“All these assessments are nonsensical,” said Kevin Madden, a spokesman for the Romney campaign. “They are totally devoid of facts and totally devoid of any reason.”
Mr. Madden pointed out that Mr. Romney’s numbers had gone up substantially since early polls of the New Hampshire race, despite not having the advantage of Mr. Giuliani’s name recognition. “Rudy Giuliani by his own account is one of the five most recognizable Americans in the world,” Mr. Madden said.
Mr. Madden, who released a memo on Oct. 8 pointing out Mr. Giuliani’s weak numbers in Iowa and criticizing his nonconservative record on immigration and social issues, also expressed skepticism about Mr. Giuliani’s bifurcated path to the nomination.
“It has to do with a very mechanical delegate count on Feb. 5,” Mr. Madden said. “That’s where the mayor has staked his candidacy.”
Certainly, Mr. Giuliani’s schedule seems to bear that notion out. On Oct. 1, he campaigned in New Jersey and Pennsylvania. On Oct. 3, he had one busy day in New Hampshire, with five campaign events, but then he left to build support in traditionally irrelevant primary states. On Oct. 4, he campaigned in Missouri and Illinois. On Oct. 5 he gave a speech about taxes in Washington, D.C., assailing Mrs. Clinton, and on Oct. 6 he campaigned in Florida. On Oct. 8, as Mr. Giuliani dropped off the radar, his campaign announced the endorsement of Ms. Charbonneau.
And by the admission of one of his key supporters, Mr. Giuliani is hedging his bets against a disappointing showing in New Hampshire. “Running a national primary might be the most sensible strategy, because it gives you a margin of error,” said Barry Wynn, chairman of the Giuliani campaign in the key primary state of South Carolina.
Jennifer Donahue, a senior adviser at the New Hampshire Institute of Politics, a research institute at St. Anselm College, said that Mr. Giuliani’s spread-out campaign schedule was risky.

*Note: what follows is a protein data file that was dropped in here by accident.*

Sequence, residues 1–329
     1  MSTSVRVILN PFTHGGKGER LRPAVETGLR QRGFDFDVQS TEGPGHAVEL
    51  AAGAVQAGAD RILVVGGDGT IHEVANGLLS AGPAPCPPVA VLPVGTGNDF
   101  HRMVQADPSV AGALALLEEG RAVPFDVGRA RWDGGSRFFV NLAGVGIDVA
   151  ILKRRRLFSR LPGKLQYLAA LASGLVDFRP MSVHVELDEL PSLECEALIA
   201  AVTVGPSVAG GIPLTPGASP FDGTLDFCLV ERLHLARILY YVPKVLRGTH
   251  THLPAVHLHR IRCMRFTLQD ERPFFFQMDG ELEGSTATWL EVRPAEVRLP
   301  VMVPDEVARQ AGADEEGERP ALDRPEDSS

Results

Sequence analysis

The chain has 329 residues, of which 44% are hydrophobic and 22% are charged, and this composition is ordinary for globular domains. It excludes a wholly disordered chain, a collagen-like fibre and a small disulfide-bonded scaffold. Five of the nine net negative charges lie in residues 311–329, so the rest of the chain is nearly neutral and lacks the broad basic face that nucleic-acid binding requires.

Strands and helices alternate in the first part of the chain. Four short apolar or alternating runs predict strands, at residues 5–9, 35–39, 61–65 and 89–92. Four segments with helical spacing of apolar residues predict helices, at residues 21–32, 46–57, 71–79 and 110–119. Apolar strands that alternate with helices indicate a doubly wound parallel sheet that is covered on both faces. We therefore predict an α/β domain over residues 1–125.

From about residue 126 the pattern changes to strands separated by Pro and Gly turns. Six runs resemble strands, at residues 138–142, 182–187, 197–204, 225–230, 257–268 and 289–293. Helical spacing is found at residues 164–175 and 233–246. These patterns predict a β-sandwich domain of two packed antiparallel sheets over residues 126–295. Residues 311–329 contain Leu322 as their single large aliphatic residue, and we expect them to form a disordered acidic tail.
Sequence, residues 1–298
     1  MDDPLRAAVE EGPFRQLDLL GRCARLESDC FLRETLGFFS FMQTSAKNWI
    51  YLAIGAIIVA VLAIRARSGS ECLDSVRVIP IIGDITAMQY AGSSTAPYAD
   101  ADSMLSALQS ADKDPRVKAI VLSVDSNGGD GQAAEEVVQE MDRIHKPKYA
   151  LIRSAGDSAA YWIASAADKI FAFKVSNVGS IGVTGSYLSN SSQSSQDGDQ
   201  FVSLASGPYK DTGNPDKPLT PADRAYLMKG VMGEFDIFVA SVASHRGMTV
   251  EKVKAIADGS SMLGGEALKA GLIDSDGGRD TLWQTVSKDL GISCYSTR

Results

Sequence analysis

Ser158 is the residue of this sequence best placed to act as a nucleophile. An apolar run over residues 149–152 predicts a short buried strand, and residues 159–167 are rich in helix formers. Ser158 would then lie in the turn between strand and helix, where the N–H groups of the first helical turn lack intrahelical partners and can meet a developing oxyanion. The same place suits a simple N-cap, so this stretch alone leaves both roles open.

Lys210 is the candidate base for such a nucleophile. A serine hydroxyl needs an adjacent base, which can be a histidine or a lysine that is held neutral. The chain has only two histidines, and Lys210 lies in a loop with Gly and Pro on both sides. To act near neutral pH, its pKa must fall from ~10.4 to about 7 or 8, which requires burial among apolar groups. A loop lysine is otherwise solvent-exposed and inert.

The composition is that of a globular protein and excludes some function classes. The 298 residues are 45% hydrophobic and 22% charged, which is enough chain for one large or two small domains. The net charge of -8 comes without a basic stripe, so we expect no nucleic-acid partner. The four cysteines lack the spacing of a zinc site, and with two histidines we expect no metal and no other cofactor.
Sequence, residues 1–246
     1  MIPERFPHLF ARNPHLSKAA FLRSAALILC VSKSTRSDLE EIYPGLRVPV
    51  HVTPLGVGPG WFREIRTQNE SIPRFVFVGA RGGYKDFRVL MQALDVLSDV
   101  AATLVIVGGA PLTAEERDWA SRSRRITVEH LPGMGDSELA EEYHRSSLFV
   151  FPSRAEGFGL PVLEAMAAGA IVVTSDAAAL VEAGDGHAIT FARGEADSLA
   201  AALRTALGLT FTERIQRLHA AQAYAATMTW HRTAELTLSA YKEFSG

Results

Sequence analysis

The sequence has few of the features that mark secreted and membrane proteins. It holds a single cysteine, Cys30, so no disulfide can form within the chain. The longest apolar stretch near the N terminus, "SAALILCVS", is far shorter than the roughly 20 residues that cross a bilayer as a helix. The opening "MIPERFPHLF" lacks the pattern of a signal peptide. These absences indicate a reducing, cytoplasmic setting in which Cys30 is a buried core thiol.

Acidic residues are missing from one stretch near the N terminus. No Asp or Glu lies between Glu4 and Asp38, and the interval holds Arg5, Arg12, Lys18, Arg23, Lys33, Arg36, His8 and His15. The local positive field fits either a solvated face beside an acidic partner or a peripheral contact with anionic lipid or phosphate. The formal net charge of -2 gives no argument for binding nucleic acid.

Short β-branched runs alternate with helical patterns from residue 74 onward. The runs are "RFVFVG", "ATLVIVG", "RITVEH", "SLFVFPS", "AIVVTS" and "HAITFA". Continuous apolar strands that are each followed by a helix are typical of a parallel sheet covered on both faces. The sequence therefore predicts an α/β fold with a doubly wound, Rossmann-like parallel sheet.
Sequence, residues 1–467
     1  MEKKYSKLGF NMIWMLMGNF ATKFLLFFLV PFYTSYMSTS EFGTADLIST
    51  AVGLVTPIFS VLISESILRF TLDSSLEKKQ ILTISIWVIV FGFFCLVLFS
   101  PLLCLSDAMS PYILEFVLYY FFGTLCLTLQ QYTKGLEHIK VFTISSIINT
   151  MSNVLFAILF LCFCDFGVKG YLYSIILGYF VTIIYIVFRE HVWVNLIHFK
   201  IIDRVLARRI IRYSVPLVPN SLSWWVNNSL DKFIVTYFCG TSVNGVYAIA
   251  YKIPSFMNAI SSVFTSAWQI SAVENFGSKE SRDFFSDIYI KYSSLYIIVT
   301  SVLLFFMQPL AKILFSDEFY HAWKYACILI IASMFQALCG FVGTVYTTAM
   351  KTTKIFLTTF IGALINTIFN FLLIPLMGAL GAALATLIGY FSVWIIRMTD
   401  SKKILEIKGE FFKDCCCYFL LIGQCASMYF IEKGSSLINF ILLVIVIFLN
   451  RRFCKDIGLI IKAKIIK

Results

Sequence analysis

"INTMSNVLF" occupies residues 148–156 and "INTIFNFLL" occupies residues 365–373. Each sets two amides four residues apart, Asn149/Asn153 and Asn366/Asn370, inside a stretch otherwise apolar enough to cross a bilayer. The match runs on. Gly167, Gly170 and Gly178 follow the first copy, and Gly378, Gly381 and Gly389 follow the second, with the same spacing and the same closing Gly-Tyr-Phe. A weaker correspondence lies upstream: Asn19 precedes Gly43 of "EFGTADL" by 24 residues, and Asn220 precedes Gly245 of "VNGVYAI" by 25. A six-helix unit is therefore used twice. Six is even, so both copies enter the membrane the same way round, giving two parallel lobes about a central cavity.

“I am wondering why Giuliani is not doing the obvious safe move, which would be to secure the base in New Hampshire, to try to take some from Romney because there is an apparent opening for that,” she said. “Instead what we are seeing is Romney try to come in and take some from Giuliani. Romney wants to win this state. Giuliani seems to think he can win the nomination without winning New Hampshire.”
“Giuliani is doing a fly-through campaign,” Ms. Donahue added. “That is not New Hampshire retail politics. You don’t get a base in New Hampshire with fly-throughs.”
And while he’s not there, Mr. Romney has taken every opportunity to chip away Mr. Giuliani’s support. At a forum in Goffstown on Thursday, Mr. Romney brought up New York’s commuter tax, saying, “Could you imagine what would have happened up here in New Hampshire if I, as governor of Massachusetts, said that anybody who commutes to Massachusetts is going to have to pay an extra special tax as a commuter?”
Mr. Romney also painted Mr. Giuliani as a profligate spender of public money.
“He killed the line-item veto,” added Mr. Romney. “It is the single most important tool we have to stop excessive spending, and that was a serious mistake.”
On Oct. 8, the Romney campaign also sent out its first piece of mail in New Hampshire—about Mr. Romney’s fiscal conservatism—as part of what the campaign said was a total of nearly $2 million in advertising there so far.
But Mr. Giuliani’s supporters have seemed unconcerned about Mr. Romney recent efforts, almost to the point of smugness. Mr. King, the congressman, said that Mr. Romney’s attacks were simply a sign of panic. And he urged Mr. Giuliani not to deviate from the plan.
“Whatever they are doing is working,” he said.